Waters’ book provides an informative survey of the historical development of the contemporary debate about the NPP. Indeed, his review (which occupies seven of nine chapters of the book) will be useful to all parties in the debate, irrespective of one’s current perspective on the NPP. Waters also includes a helpful annotated bibliography which will prove invaluable to any serious student of this topic who desires to go deeper into the scholarship. Waters presents an accurate, though concise, representation of the ideas of the scholars whom he chooses to highlight. He also provides a summary at the end of each chapter, which succinctly distills the key content. Waters’ points throughout the book are also organized in a way that makes it easy to follow his train of thought, since they are numbered “first,” “second,” “third”, and so forth.
My main complaint about this book is that Waters only gets round to offering a critical appraisal of the NPP very late into the book and only spends a single chapter evaluating its merits. His critique is therefore quite brief and superficial. Waters also has a tendency to assume propositions – specifically, certain aspects of the traditional Reformed view – that are not granted by all parties of the debate. The book, therefore, is unlikely to be effective in persuading those not already convinced of the Reformed perspective of justification. Waters often expresses concern that the NPP diverges from traditional doctrine. This, however, fails as a response to those scholars who would have us reevaluate our tradition in view of Scripture. Another feature that Waters’ book lacked was an introduction that clearly laid out the NPP. The book, which presumably is intended to target a general audience, assumed that readers are already familiar with the basic tenets of the NPP. The book did not, however, offer a clear definition of what the NPP in fact is.
I also found Waters’ rhetoric at times unhelpful. For example, he writes, “ironically, it is the ignorance of historical theology on the part of Wright and other scholars that prompts them to make such affirmations as these.” This sort of inflammatory rhetoric is bound to alienate and turn off readers who are sympathetic to the perspective of Wright et al., which presumably is a constituent of the target audience.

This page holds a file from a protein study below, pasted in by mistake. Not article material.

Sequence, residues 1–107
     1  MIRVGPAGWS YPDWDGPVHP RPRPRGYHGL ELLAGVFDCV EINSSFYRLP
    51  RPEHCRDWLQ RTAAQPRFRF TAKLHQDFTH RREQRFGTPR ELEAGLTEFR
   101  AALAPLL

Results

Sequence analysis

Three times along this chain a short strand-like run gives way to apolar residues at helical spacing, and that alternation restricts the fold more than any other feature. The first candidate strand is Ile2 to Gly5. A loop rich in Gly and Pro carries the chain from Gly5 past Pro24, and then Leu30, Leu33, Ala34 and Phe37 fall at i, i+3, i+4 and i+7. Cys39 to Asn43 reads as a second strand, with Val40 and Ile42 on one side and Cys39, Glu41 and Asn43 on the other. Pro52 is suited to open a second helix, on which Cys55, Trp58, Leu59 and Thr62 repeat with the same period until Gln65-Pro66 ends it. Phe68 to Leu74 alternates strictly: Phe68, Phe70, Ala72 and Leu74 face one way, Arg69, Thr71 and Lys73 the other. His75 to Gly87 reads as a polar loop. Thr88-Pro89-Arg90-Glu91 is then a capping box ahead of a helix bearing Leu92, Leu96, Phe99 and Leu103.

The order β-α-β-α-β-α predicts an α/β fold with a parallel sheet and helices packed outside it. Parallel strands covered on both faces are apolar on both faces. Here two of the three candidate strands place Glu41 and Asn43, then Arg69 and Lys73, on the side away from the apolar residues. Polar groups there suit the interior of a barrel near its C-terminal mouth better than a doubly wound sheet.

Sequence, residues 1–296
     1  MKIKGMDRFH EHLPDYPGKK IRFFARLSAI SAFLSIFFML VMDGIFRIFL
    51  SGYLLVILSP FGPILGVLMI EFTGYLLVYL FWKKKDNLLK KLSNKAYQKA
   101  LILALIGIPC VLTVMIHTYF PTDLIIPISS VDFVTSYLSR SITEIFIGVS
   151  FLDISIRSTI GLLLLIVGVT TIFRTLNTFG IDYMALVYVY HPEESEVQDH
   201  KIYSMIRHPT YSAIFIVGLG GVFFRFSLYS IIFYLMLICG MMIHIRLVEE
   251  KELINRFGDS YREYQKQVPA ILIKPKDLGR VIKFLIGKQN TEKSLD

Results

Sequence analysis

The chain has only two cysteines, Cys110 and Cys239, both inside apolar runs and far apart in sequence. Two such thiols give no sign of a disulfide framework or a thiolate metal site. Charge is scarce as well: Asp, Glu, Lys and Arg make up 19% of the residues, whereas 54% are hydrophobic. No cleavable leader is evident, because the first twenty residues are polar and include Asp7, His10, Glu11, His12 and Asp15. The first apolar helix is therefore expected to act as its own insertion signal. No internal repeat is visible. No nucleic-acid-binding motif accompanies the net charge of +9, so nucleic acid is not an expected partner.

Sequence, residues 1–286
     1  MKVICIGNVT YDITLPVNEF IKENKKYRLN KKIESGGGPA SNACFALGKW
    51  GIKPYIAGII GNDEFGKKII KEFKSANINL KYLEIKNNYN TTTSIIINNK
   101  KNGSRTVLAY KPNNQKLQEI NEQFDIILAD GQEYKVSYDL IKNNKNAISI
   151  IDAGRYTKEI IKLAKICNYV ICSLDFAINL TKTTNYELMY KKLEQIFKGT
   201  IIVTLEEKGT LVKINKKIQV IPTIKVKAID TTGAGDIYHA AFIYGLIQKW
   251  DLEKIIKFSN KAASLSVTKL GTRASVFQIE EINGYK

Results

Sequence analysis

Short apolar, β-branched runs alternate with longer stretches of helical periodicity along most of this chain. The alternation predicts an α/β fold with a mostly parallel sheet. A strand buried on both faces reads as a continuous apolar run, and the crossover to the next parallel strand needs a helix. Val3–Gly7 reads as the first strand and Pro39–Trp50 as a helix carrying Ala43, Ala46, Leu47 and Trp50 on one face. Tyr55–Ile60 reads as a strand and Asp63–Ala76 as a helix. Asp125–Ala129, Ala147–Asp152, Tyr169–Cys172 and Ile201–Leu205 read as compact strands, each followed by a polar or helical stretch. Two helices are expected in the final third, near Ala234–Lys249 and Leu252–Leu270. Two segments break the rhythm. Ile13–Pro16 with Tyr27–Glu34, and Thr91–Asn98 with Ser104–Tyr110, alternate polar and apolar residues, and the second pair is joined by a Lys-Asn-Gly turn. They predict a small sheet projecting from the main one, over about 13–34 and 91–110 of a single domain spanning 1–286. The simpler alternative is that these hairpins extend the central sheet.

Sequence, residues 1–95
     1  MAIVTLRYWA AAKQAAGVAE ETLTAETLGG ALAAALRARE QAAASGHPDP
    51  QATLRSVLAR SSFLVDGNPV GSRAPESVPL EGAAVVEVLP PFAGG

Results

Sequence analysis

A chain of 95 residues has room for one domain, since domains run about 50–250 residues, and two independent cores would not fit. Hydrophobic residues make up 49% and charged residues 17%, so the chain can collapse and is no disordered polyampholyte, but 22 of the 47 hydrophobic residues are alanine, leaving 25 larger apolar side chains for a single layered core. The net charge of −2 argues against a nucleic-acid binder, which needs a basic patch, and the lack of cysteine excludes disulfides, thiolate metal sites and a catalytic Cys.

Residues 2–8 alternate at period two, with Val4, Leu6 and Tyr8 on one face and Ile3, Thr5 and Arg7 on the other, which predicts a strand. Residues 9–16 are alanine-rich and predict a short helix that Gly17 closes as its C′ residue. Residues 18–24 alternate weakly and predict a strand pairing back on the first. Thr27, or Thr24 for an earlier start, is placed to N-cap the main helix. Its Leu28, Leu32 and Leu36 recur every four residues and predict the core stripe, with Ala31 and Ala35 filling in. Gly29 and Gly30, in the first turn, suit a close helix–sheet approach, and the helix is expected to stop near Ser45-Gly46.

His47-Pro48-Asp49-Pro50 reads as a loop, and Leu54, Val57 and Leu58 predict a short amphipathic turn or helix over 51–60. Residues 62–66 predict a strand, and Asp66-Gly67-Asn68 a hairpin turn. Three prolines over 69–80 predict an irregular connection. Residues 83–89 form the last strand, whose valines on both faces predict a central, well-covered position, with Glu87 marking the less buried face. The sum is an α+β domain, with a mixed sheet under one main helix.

Sometimes Waters’ critiques of NPP protagonists are also uncharitable. For example, in discussing Wright’s emphasis on the importance of story in Scripture, Waters remarks, “We have, then, in Wright’s thought, an inherent bias against doctrinal formulation and linear, logical reasoning…” This is a very odd comment, not least because Waters elsewhere articulates Wright’s doctrinal formulation and expresses his dissent from it. Furthermore, it is also unclear what inherent bias Waters believes Wright has against linear, logical reasoning. By all means, Waters may disagree with Wright’s position, but it does not follow from Waters’ and Wright’s interpretive differences that Wright has “an inherent bias against doctrinal formulation and linear, logical reasoning.” Waters further asserts that Wright has “a predisposition against conceiving of the relationship of God and man in vertical terms. Rather, Wright is inclined to understand that relationship in essentially horizontal categories.” It is not clear, however, from the surrounding text, precisely why Waters believes that Wright’s emphasis on story is contrary to conceiving of the relationship of God and man in vertical terms.
To conclude, while I personally do not subscribe to the NPP, I found Waters’ responses to this viewpoint to be too brief, at times uncharitable, and superficial. On the positive side, this book does provide an excellent survey of the historical roots and development of the NPP. This survey, together with the annotated bibliography at the end of the book will be an invaluable resource for students wishing to acquaint themselves with the scholarly debate on this subject.